The world’s largest retailer, family-controlled Walmart, announced on 3 June that it will buyback company shares, a move that will increase the Walton family’s stake in the business.
At the Arkansas-based group’s 41st annual shareholders meeting, the company announced that it will buyback $15 billion shares from investors – a continuation of last year’s $13 billion share repurchase.
This will potentially increase the Walton family’s ownership of Walmart to over 50% by next year, which would allow the company to be free from board independence requirements under the New York stock exchange rules.
According to the NYSE, a “controlled” company does not require a majority of independent directors on its board. But reports say that Walmart does not intend to use these exemptions.
A spokesman was quoted in Bloomberg: “Walmart and the Walton family believe an independent board is an important part of our corporate governance.”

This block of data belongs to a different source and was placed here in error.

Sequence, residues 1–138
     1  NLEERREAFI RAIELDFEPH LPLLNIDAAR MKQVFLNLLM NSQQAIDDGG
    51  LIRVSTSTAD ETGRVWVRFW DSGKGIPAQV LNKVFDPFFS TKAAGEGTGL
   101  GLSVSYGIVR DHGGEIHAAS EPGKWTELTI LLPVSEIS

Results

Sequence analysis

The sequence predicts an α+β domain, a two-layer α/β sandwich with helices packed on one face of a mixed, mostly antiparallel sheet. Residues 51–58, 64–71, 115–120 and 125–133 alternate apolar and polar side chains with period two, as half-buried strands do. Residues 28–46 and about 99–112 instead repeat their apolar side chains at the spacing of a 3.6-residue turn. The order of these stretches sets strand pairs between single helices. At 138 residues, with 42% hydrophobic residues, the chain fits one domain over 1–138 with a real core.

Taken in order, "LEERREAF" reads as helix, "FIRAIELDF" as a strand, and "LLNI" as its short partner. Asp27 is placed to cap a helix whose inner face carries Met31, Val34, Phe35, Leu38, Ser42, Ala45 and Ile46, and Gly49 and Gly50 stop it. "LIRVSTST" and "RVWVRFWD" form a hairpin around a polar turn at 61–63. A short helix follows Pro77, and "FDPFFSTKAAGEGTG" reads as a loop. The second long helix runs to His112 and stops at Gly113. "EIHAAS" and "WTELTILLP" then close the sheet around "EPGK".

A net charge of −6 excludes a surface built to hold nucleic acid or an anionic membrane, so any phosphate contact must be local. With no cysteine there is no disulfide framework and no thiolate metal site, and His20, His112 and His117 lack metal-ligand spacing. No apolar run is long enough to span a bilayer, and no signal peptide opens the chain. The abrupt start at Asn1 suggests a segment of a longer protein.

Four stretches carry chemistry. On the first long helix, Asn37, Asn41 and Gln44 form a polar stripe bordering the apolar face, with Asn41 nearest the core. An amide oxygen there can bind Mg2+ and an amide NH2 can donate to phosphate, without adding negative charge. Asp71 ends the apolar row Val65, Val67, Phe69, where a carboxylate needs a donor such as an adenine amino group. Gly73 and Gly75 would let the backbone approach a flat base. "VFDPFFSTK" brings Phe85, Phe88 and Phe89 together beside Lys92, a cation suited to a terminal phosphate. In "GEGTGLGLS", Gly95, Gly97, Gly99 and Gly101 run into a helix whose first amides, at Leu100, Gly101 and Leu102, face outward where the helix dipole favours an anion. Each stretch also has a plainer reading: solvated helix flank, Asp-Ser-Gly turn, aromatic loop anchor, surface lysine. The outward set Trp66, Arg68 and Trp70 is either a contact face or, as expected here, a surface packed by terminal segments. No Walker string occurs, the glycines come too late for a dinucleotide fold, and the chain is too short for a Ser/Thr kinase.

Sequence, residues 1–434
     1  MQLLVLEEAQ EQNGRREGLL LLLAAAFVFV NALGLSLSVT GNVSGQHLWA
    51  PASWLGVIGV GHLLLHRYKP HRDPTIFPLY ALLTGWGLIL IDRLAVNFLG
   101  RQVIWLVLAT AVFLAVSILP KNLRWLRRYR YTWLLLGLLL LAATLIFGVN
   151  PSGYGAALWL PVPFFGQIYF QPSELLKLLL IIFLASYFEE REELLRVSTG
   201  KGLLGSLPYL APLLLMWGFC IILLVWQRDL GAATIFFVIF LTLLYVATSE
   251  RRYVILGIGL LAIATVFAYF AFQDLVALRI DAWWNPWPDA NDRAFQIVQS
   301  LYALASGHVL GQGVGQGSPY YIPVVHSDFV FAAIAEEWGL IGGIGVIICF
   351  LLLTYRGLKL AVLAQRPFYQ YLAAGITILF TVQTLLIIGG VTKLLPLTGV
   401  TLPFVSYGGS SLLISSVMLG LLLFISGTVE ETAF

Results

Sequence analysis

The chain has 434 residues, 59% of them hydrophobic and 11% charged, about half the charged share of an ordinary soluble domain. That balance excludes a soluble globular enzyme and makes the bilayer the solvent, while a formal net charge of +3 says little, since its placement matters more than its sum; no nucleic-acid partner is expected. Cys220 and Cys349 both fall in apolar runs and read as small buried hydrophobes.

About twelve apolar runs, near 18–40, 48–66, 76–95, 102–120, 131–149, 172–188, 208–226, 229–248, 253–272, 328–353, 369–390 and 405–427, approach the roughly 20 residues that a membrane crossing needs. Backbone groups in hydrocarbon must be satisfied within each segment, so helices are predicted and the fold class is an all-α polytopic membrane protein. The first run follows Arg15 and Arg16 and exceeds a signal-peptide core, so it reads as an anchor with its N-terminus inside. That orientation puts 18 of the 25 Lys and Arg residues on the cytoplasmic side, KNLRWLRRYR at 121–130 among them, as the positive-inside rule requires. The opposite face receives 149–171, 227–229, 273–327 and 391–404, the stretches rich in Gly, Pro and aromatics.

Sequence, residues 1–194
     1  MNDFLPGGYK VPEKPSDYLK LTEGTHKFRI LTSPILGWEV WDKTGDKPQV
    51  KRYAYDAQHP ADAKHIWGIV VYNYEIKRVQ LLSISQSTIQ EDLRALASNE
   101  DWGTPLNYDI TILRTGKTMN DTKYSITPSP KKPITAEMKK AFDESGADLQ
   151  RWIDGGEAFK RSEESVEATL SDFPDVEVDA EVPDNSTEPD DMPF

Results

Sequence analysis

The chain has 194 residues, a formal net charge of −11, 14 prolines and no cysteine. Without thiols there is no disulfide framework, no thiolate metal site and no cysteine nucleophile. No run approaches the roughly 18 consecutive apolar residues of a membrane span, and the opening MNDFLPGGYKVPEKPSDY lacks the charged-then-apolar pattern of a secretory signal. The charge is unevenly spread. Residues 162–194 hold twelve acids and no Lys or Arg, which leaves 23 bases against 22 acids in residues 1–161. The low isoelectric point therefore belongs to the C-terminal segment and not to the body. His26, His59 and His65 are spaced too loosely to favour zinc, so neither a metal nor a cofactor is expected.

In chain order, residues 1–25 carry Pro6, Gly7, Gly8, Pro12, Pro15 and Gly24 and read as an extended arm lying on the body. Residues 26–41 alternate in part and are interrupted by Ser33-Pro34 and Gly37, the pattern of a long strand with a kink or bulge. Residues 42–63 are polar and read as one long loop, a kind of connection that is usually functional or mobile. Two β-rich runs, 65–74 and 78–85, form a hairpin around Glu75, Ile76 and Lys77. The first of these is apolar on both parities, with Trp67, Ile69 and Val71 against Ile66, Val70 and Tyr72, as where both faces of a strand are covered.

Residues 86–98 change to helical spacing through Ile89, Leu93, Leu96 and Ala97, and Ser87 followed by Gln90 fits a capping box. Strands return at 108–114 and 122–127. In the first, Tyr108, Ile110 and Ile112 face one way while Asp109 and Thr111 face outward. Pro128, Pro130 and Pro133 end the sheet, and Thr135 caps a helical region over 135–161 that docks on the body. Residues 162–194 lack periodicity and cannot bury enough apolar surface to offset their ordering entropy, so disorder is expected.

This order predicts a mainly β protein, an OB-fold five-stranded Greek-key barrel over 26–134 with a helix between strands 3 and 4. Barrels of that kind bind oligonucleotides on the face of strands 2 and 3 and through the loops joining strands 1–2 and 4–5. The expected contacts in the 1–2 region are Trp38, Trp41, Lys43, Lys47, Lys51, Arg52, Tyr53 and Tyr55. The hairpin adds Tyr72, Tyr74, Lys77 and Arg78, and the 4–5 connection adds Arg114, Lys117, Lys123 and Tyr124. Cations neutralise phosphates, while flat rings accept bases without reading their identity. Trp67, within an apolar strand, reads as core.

The family currently holds around 48% of Walmart through the Walton Family Foundation. Only two family members form a part of the company’s 15-member board.
Walmart has recently witnessed a decline in sales in its home market but has seen growth in its other markets. Charley Holley, executive vice president and chief financial officer of Walmart said in a statement: “The combination of our annual dividend and share repurchase program indicates the strength of our company and its commitment to returning value to Walmart shareholders.”
Founded in 1962 by brothers Sam and Bud Walton, Walmart was incorporated in 1969 and the shares were listed in 1972. Considered the world’s third-largest employer, second-generation Rob Walton is the current chairman of the company – he has an estimated fortune of $19.8 billion according to Forbes.
His younger brother Jim Walton is a board member and was also featured on the Forbes 2010 billionaire list with an estimated wealth of $20.7 billion.
Walmart had 2011 fiscal revenues of $419 billion, up from $405 billion the year before.